Myanmar Opposition Party Demands Election Rerun With Military Involvement
By San Yamin Aung 11 November 2020
YANGON—Disputing its humiliating defeat at the polls on Sunday, Myanmar’s military proxy opposition party has demanded the country’s electoral body hold the election again in cooperation with the military.
While the Union Election Commission (UEC) has yet to finalize the results, preliminary vote counts show that as of Wednesday morning the ruling National League for Democracy (NLD) led by Daw Aung San Suu Kyi had won 399 seats in the country’s Union Parliament—more than enough to form a government—while the opposition Union Solidarity and Development Party (USDP) had managed to secure just 21.
At a press conference in Yangon on Wednesday, the USDP said the NLD government-appointed UEC had failed to manage the election properly, and called for a rerun.
“For a free, unbiased and disciplined vote, hold the election again in cooperation with the military,” an official from the USDP, which was formed by ex-generals, said at a press conference at the party’s headquarters in Yangon three days after the election.
The USDP alleged the commission recruited NLD youth supporters to staff polling stations where there were not enough teachers, and extended the advance voting period for over-60s until Nov. 7, after previously announcing it would end on Nov. 5. It also alleged numerous incidents of electoral malpractice including voter list errors and cases in which voters received more than one voting slip. (The UEC issued to each voter a slip containing a serial number and the number of their polling station, to produce as identification before voting.) Election observers have rejected the claims, however, saying that the requirement that voters have their pinkies stained in ink after voting would prevent such abuses.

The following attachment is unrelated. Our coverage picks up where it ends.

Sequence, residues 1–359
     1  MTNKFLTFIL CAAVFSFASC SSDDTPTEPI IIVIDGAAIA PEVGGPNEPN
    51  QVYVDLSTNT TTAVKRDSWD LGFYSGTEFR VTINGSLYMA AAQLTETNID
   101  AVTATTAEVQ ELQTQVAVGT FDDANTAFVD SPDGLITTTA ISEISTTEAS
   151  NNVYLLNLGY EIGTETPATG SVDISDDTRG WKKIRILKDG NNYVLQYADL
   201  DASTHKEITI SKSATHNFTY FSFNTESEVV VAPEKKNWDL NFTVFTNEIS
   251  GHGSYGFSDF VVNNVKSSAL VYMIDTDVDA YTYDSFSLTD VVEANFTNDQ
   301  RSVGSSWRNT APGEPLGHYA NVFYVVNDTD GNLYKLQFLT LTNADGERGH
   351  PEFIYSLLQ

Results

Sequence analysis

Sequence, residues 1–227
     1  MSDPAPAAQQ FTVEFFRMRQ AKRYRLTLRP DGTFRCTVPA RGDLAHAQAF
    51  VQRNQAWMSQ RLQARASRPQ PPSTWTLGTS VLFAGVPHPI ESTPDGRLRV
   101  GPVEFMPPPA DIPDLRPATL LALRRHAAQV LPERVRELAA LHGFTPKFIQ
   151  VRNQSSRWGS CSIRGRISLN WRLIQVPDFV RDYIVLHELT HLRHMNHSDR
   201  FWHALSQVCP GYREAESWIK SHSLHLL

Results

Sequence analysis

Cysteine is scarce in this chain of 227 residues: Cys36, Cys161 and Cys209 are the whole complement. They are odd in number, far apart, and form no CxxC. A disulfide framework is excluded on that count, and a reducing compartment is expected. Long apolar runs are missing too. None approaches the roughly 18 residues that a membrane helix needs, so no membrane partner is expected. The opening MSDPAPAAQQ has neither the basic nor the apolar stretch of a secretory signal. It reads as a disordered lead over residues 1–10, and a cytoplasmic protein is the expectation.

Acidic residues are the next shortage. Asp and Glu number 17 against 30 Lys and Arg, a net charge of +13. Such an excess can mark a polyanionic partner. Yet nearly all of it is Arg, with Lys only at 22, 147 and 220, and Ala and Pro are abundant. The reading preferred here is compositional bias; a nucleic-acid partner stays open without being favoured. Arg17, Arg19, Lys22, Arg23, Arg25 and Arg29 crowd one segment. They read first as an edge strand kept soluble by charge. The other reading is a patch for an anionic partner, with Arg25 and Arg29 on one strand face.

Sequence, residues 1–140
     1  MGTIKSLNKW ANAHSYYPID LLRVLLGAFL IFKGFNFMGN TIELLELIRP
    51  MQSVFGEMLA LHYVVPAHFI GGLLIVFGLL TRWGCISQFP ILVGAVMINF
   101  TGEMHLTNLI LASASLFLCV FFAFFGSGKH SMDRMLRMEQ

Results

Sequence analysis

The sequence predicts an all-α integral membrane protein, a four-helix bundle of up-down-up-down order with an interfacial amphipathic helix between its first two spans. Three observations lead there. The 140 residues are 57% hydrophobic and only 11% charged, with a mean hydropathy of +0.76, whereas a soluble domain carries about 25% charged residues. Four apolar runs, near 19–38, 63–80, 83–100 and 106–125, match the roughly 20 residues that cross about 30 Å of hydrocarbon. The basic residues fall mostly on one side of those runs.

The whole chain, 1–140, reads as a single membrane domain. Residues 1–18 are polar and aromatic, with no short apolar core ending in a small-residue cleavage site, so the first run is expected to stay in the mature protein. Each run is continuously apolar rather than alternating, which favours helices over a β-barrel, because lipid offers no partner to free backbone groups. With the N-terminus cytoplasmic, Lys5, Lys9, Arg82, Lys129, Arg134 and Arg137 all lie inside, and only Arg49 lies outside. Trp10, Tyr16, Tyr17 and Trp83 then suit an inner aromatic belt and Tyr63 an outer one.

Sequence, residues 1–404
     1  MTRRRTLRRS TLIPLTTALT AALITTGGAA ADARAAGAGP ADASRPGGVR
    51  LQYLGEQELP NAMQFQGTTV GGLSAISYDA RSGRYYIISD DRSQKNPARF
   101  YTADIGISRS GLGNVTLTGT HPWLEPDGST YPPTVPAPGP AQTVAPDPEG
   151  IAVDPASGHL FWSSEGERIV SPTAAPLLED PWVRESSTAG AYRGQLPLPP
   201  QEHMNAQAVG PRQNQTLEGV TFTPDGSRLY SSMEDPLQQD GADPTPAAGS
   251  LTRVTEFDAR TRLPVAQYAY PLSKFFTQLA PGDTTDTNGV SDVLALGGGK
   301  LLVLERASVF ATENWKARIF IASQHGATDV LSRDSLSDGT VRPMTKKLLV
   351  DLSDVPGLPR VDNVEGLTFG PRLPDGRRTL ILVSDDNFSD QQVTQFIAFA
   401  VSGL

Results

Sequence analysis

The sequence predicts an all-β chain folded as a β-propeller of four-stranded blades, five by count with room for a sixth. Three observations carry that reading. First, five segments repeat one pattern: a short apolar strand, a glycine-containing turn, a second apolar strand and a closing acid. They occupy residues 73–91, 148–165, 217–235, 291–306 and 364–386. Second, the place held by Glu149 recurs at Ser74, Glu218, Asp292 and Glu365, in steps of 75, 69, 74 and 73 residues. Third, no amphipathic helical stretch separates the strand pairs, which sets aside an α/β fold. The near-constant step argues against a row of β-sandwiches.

The USDP also complained about the General Administration Department’s distribution of rice and cooking oil to poor people affected by the COVID-19 outbreak, saying it was tantamount to vote-buying by the ruling party. The government has periodically provided free basic foodstuffs to poor people since COVID-19 hit the country in late March.
“They conducted the vote unfairly. We are willing to face them in a free and fair election, but I can’t totally accept this election result,” an Upper House candidate from the USDP said at the press conference.
Responding to the USDP’s complaints, UEC member U Myint Naing told reporters at a press conference in Naypyitaw on Wednesday that the opposition party’s call for a new election did not affect the UEC. He said the election was conducted successfully despite the challenges posed by the COVID-19 outbreak, and had been widely accepted as credible.
“They are making baseless allegations to create misunderstanding. Follow the law. [They should] file complaints or objections if they have evidence of any malpractice or fraud, as per the law,” the commissioner said.
On Tuesday, USDP chair and ex-general U Than Htay appeared in a video saying that the legitimacy of the outcome remained in dispute and that the party would thus mount a legal challenge to establish whether the election results were fair and lawful. He called on the party’s supporters to collect evidence of election fraud and submit it to the party.
“We will try to get the results our supporters want,” he said in the video. The USDP has so far claimed 21 seats—an even worse showing than it achieved in the 2015 election, when it secured 41 seats in the Union Parliament.
NLD spokesperson Dr. Myo Nyunt told The Irrawaddy on Tuesday that “They can submit complaints if they have enough evidence.”
The USDP said at Wednesday’s press conference that the party would raise objections in the various states and regions and call for election reruns.
The UEC announced that it would finalize the election results this week.